Towing Myths Debunked in Three Minutes

Going online is a great way to educate yourself on some much-needed information. Not everything you read online is true, though. There are many times the information gets mixed in with false data. The same can be said for the data out there about towing and the services many companies provide.

Here are 7 myths about towing that require some truth seeking and a little bit of tweaking:

  1. Is it true you can increase the payload component by adding more products?

    No, this is not true. A person cannot add in extra suspension products in hopes it will increase the ratings. Are you worried about the suspension payload? There is something that can be done. Level your truck. Decrease the poor handling. Gain access to the leaf springs before you take your journey. Another thing that can be done is work on getting rid of the side-to-side away.

  2. It is not necessary to learn the towing terms?

    This is another myth that needs to be corrected. You do need to learn the terms. There are differences between the two most common terms, GAWR and GVWR. The first one details the maximum weight you can put on the axle. The second one refers to the gross vehicle weight. This includes the vehicle and every passenger on board. This limit should not be exceeded at any time. There are other terms you should educate yourself on. Click here for more details on this.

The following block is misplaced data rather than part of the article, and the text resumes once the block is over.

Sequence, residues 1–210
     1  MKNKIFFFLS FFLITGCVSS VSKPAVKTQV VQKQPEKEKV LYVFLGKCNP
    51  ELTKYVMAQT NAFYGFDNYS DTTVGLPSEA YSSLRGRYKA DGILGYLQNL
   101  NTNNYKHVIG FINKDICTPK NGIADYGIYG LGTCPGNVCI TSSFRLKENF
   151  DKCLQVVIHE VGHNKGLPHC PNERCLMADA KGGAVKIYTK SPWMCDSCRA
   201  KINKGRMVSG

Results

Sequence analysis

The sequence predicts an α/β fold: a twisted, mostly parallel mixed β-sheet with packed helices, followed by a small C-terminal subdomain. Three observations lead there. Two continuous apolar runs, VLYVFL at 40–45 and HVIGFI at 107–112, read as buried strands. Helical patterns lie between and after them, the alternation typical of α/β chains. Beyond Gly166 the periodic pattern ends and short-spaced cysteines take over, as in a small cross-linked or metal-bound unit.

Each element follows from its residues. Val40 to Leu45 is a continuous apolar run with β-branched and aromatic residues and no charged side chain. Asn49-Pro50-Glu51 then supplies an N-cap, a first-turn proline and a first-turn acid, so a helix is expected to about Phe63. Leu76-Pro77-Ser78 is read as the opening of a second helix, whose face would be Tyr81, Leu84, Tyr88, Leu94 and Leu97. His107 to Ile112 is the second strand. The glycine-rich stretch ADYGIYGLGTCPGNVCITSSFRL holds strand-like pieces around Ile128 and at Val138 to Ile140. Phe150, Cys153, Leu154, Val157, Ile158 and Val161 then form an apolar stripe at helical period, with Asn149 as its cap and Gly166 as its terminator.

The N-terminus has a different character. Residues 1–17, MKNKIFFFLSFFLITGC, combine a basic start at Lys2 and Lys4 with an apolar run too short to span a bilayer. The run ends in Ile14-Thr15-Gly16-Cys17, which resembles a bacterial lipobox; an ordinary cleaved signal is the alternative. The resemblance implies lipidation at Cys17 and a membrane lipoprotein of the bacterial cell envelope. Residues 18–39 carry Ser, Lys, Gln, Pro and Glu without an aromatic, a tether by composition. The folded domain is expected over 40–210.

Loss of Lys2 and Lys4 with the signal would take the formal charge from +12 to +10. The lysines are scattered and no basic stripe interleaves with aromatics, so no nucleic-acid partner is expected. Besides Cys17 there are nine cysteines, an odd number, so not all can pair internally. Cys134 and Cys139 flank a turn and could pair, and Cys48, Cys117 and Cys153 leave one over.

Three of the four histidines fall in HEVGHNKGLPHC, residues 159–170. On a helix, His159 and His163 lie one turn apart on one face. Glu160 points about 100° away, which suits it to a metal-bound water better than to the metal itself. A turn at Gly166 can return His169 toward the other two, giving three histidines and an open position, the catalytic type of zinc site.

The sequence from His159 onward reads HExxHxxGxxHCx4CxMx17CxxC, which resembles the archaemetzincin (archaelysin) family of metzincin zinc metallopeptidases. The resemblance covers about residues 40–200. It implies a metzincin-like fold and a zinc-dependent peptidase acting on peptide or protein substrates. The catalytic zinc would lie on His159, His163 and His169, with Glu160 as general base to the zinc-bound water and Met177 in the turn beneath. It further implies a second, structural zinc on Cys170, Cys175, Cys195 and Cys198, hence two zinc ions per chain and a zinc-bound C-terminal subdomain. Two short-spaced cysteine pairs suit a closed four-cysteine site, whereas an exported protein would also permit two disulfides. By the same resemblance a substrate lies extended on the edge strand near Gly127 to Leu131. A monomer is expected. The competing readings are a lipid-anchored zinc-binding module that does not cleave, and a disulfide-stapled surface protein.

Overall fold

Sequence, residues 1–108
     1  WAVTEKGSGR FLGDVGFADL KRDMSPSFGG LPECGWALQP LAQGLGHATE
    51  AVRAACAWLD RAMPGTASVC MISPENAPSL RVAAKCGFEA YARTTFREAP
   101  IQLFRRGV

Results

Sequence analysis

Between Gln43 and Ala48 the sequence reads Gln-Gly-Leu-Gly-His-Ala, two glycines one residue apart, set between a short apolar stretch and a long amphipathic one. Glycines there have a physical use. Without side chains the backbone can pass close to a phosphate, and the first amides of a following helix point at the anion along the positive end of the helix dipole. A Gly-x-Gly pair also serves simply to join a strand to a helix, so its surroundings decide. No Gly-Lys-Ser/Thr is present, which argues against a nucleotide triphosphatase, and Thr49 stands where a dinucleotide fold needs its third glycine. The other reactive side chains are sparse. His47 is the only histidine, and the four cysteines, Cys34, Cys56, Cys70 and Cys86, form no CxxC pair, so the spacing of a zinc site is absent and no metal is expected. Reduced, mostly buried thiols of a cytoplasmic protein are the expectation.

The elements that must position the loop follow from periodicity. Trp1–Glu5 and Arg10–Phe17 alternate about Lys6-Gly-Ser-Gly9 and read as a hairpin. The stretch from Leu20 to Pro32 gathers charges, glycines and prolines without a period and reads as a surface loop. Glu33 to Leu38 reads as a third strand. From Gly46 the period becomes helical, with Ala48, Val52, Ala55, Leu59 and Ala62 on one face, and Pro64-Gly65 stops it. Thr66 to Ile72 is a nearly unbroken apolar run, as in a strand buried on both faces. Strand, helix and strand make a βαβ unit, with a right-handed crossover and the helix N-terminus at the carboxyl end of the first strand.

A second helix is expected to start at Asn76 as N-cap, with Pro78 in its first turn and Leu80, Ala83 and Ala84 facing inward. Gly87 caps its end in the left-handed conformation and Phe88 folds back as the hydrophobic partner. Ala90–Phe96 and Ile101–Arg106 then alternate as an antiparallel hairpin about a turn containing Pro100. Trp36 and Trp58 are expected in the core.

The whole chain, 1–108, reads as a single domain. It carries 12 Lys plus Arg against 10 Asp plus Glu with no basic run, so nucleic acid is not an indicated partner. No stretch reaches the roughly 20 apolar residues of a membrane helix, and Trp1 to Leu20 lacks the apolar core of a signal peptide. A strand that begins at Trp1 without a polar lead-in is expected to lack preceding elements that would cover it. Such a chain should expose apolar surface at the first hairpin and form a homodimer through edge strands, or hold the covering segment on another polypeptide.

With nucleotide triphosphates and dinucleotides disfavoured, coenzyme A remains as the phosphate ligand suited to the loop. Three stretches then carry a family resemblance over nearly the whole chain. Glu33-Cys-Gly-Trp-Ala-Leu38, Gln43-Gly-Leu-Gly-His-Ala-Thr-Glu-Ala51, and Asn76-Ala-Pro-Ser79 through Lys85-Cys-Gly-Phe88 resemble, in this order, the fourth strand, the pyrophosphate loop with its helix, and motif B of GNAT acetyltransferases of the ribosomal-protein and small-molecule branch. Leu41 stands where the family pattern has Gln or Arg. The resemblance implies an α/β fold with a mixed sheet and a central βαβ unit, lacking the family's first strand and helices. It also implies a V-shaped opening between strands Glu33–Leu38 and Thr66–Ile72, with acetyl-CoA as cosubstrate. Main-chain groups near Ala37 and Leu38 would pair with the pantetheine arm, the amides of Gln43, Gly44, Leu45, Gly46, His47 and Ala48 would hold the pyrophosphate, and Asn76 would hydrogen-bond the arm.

3. I can increase the capacity by increasing my trailer hitch.

    The manufacturer has put in a maximum capacity for a reason. At no time should it be messed with. Let us say that you have a capacity of 35,000. There is an exception to this rule. Let us say your hitch is at a capacity of 20,000. At no time should you go over the 20,000 limit. In this case, the hitch capacity will override the actual capacity.

  4. Can you go by the tongue weight?

    This is the one primary cause of failure with towing. There is an incorrect estimation of the tongue weight. You should click here to find out what the tongue weight for your tow truck is. This is the only way to be sure.

  5. Is it true that tongue weight is always 10% of what is being carried?

    It is usually between 10 and 15 percent. There are many variables to consider here. Two to trucks are not one in the same. Do not place most of the weight at the front, towards the hitch. This is placing too much pressure on the hitch. You need to know the exact percentage.

  6. The bearings do not need any kind of upkeep 

    This is wrong information, once more. The bearings are outside 24/7. They need constant upkeep and maintenance. Do you want your truck to break down?

  7. You can get any old hitch extension, right?

    No. You need a proper extension for your tow truck. Not all trucks are made the same in this respect. Most are ready and available in 8 lengths. They measure between 21 and 60 inches a piece. It is best to get specific measurements for this. Your tongue weight needs the proper extension. A shorter one will be more fitting, but you still should check it out.

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